But again, nothing can last. Movie theaters were hit hard during the pandemic, considering that being in an enclosed space with strangers wasn’t high on most people’s to-do list. The theater held on for a little bit, and almost made it through the pandemic, but in October of 2022 the doors were locked and the movies stopped showing. It’s now been almost 2 years and the doors are still locked. Will this movie house ever reopen or is this the end of the story? There’s no way for us to know, but we can at least take a look at the state of the building as it is now.

Nothing is coming soon or showing now.

The lobby looks a little dusty, but bring in some popcorn and it could be ready to reopen.

One feature of the building was that it had retail/office space attached, hoping to take advantage of that theater foot traffic. These spaces are now empty too.

I believe I remember a comic shop being in this storefront in the 90s.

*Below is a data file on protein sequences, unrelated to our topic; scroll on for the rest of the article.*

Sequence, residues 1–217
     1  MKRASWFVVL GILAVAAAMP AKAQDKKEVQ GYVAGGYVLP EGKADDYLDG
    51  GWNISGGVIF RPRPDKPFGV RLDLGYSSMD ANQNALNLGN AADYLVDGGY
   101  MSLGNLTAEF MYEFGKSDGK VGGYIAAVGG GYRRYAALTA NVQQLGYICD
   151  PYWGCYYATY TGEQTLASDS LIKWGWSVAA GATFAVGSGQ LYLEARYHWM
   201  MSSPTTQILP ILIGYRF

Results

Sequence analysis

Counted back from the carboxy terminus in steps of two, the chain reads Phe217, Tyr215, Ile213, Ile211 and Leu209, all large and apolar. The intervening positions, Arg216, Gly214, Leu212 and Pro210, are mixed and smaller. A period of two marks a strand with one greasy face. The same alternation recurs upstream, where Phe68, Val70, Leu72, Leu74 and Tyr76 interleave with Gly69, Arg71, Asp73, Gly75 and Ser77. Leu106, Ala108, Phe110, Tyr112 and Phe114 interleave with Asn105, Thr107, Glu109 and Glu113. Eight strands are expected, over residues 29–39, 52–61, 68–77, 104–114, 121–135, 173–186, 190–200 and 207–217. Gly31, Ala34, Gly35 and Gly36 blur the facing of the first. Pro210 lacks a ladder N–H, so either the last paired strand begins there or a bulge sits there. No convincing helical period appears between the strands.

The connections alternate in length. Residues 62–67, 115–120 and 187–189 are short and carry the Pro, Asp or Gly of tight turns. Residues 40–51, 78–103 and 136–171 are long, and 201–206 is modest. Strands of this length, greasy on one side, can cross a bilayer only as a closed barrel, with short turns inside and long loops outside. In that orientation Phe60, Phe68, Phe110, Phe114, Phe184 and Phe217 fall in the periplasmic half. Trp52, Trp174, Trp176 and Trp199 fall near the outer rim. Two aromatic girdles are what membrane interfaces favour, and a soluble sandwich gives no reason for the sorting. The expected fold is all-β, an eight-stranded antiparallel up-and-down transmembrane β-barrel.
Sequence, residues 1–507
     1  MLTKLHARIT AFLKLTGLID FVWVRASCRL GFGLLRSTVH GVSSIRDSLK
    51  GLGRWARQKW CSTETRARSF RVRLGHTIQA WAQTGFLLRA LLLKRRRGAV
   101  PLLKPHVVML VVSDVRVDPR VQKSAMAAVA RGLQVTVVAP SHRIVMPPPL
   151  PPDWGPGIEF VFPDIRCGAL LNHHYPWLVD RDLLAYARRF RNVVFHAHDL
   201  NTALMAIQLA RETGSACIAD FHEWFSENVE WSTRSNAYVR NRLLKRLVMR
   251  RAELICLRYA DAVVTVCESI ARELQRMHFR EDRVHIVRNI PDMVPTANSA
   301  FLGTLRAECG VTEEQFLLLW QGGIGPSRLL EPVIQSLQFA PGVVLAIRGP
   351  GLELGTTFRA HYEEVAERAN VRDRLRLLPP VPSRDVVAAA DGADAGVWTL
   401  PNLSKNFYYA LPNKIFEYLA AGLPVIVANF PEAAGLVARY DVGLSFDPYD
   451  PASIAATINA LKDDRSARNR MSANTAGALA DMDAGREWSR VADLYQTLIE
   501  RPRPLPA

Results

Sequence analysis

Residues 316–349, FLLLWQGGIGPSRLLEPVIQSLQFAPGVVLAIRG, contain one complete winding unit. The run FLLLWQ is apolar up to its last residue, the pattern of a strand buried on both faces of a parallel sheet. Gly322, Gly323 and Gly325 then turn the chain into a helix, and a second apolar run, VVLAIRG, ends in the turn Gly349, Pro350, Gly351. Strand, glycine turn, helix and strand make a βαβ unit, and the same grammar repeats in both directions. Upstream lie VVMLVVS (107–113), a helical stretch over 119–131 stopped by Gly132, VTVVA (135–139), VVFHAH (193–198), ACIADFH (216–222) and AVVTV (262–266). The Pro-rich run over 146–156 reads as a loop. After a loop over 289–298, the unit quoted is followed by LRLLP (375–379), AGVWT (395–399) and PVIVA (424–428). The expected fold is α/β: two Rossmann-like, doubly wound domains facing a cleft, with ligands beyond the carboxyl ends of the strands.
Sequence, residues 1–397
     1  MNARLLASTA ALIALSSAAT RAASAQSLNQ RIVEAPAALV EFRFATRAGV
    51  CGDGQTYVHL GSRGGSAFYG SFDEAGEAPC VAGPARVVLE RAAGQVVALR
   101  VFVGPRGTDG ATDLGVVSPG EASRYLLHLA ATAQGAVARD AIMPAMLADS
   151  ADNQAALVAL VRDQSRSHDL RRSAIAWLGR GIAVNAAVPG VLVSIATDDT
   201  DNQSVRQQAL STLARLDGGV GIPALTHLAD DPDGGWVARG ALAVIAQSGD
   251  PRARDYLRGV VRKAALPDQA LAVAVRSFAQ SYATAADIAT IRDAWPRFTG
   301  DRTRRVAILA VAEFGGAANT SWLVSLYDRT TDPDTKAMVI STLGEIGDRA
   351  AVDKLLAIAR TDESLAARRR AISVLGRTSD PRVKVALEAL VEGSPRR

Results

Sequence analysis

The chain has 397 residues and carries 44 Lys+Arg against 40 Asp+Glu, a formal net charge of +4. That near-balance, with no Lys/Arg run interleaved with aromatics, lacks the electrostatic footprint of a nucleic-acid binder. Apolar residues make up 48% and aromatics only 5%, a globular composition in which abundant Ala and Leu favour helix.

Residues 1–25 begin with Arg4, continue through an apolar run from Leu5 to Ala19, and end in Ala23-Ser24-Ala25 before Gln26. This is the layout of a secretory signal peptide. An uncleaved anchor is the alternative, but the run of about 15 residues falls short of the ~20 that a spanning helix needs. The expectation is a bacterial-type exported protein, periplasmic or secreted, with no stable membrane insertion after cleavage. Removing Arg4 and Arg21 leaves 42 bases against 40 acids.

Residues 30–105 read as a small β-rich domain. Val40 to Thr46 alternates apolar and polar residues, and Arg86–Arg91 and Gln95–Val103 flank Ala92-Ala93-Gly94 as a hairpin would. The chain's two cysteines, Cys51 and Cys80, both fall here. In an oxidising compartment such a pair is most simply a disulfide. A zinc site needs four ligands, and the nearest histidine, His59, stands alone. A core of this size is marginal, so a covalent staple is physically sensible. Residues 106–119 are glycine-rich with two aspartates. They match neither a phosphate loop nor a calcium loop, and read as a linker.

The theater opened with 4 screens, but it didn’t stay that meager through its whole history. This portion of the building to the left was an addition that was built in the mid 90s. Inside these cinder block walls they built 6 more theaters, bringing the total number to 10. This was the beginning of the megaplex era, and they felt they needed to keep up. These additional screens weren’t quite to the same quality as the original 4, though. The first 4 screens were in nice large auditoriums that could house a blockbuster crowd, and around the same time as they expanded they also converted those 4 to raised stadium seating. The other 6 theaters were definitely smaller affairs. They were down a narrow winding hallway. Some of the theaters could scarcely seat more than a few dozen people. All the seats were at ground level. You could definitely tell that they were added on later, and several weird choices were made in their construction. These were definitely the lesser theaters, and you felt a little disappointed when you found out the movie you were seeing wasn’t in one of the main 4.